• Yuken Teruya / Notice Forest

    16. January 2005 to 27. February 2005

    Opening: January 15, 2005, 5 to 8pm

    curated by Elke Gruhn and Katharina Klara Jung

  • An enchanted clearing, in it’s centre a lonely tree, is disclosing by the glance into the paperbag, fast food packing material, whose colored imprint in its new role transformes into Indian Summer. The edges of the open, horizontally positioned bag are carefully folded, the bag forms the stage for what once was its origin: a tree in a forest - longsince forgotten. Notice Forest reminds of this potential innate to even the most simple throw-away product. Yet, the objects show not only some tree but are always bound to a physical model, mostly from the streets of New York. Those trees, vegetating solitarily in their concrete enclosure in the pavement, like the view through a keyhole allow a glimpse into the else sealed ground and so recall the potential of Manhattan’s earth.
    Yuken Teruya lives in New York, his roots are in Okinawa, a group of islands in the south of Japan. The prefecture of Okinawa differs from the main Japanese islands not only by it’s subtropical climate and the there to related variety in nature, but for the early flourishing of a light-hearted and lively culture, different from that found anywhere else on Japan’s main islands. What has made the place so famous is the tragedy of Okinawa’s more recent history, the havoc wreaked by the end of the Second World War.
    After Okinawa was returned to Japan, the American military bases were kept in place. Today 26.500 American and around 6.000 Japanese Military men are based on the island. The inhabitants today live either from tourism or from the bases.
    The work You-I You-I by Yuken Teruya seems, at first glance, to be an original and traditional kimono from Okinawa, a “bingata”. But a closer look at the kimono’s pattern reveals military motifs such as parachutists and military planes in coexistance with the floral ornamentics of Chrysantium and cherrytree-branches.

    The extraordinary beauty of the kimono seems absurd: The motif is direct and a result of Okinawa’s specific situation. The artist uses the lovely “bingata” as background to combine his native land’s past and present history Teruya does not, however, flirt coquettishly with native feelings. His objective gaze releases the kimono from its local background and makes it accessible as an artwork that draws authenticity from its intensiveness.
    In September 2004, New York Times reports a protest of Okinawa’s inhabitants. On August 13th, a US-Airforce helicopter crashed into a university campus. Almost a miracle that none of the 90.000 inhabitants were killed. The Okinawans are outrageous that neither Japanese security officials nor Japanese politicians are admitted at the crash site, whilst the local pizzaservice is being waved through - after all the investigation commission’s physical well-being needs to be taken care of. Teruya produces For the World to come classical pizza boxes printed in green and red, instead of a company name and the regular appetizing slogans the headlines of the incident together with the New York Times’ article are quoted, neatly prepared for public digestion.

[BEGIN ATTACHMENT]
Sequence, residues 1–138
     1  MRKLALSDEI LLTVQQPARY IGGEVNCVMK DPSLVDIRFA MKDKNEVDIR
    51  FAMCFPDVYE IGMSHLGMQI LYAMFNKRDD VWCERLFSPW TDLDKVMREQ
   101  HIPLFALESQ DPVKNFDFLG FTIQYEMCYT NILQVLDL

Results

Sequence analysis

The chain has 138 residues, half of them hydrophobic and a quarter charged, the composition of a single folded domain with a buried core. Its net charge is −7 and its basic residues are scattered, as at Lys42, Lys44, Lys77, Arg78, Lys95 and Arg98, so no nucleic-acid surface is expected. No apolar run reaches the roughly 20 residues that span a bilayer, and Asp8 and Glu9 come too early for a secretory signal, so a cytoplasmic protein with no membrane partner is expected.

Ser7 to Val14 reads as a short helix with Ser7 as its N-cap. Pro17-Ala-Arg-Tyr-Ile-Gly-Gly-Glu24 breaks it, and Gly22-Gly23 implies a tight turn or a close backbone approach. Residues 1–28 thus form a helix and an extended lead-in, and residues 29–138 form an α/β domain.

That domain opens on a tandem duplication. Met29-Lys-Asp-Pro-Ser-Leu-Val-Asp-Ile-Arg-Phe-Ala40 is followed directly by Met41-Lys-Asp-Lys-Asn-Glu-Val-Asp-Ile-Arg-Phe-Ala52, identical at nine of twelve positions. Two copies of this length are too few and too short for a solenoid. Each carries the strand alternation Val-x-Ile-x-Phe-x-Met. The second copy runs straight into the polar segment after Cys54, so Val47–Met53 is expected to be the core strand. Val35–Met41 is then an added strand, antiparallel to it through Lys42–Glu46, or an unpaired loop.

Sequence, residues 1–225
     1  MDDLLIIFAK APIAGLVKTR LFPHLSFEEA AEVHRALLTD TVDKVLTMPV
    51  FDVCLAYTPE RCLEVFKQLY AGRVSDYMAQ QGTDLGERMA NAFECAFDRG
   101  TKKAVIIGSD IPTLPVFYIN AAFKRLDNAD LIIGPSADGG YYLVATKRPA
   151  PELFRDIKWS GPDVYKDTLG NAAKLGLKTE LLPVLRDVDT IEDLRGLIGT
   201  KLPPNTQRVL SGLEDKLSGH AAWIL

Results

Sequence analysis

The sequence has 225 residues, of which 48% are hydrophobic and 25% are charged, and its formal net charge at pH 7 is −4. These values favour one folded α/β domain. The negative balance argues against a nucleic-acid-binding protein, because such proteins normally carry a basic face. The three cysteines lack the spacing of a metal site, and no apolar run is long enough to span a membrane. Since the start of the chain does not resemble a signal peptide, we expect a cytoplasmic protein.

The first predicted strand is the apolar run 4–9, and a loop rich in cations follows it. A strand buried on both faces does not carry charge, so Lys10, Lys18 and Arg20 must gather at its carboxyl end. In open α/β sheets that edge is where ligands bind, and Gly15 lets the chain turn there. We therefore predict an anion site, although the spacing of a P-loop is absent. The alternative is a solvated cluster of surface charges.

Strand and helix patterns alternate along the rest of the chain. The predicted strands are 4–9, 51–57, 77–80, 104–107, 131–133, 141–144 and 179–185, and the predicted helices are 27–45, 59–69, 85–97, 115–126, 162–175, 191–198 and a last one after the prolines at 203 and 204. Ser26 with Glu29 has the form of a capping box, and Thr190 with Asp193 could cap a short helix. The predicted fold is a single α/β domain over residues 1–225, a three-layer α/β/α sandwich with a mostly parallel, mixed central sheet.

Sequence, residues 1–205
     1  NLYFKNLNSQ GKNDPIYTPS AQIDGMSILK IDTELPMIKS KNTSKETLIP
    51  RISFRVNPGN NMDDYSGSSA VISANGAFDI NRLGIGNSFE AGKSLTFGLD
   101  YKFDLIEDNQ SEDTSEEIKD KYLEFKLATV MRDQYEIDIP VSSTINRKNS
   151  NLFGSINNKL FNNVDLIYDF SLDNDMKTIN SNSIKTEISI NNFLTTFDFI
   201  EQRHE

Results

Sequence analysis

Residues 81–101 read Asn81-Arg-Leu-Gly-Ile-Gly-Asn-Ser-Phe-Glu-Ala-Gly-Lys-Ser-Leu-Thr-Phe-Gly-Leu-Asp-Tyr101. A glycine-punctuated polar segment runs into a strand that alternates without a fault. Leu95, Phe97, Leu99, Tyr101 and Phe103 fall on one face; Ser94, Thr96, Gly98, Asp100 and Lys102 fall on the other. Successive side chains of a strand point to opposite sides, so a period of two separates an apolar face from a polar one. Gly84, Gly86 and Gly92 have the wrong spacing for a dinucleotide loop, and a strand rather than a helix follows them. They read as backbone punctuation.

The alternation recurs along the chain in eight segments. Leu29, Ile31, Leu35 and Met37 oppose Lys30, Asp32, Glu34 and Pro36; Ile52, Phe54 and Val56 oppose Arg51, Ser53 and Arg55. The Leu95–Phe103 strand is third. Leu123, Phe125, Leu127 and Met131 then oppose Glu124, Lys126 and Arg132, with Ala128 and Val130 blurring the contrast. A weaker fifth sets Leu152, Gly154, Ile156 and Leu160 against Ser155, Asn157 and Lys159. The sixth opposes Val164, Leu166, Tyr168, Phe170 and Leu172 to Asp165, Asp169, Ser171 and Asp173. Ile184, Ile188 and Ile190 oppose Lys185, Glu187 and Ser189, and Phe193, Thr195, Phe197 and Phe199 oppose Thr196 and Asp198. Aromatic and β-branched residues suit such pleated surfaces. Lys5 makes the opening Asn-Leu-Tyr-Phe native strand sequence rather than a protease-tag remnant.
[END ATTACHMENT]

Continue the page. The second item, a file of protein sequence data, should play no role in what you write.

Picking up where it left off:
In the insides of the boxes are enriched with drawings of Okinawan children. Invited to workshops at the crash site,Teruya asked them to paint their impressions of what had happened, free from the political commentary’s diplomatic rhetorics.

    Yuken Teruya develloped the flag-project Color the World after the terrorist attacks of September 11th, when New York, trying to demonstratively prove the strength and unity of the American people, was covered with the national flag Stars and Banners – symbol of unity or symbol of exclusiveness? Teruya unites the flags of all 196 existing nations equally and without distinction to one single big flag. Each country’s symbol is placed according to it’s geographical position on the globe, a bright and cheerful vision of a future that is still far away from reality. Even though the United Nations did announce their interest in this world-uniting flag, they requested a version with only 191 country’s emblems – the missing five states are not yet members of the U.N.

    Following the horizon behind a deceitfully calm ocean, snapshots of a boy playing in the sand are lined up, amateur holiday memories of the building and destruction of a sandcastle like can be found in almost any family’s photo album. In the foreground of the series, easy to overlook, a former snail house, now home to a hermit crab. Two Lords is a work about the polarity of natural forces, the eternity of nature and the role of mankind. The shots were taken at the beach of Okinawa in the summer 2004 before the Tsunami tragedy in south-east-asia that united the world in a spectacular relief action.

    Yuken Teruya manipulates comon every day objects, wisely he transfers them into deeper meaning and future perspective. Doing tis he bravely he juggles with delicate topics that by his cheerful, almost innocent way of connecting authentic with realistic aspects receive a very intense urgency. It's this lightness which furnishes his work with great emphasis. An enchanted clearance, free from moral lectures.

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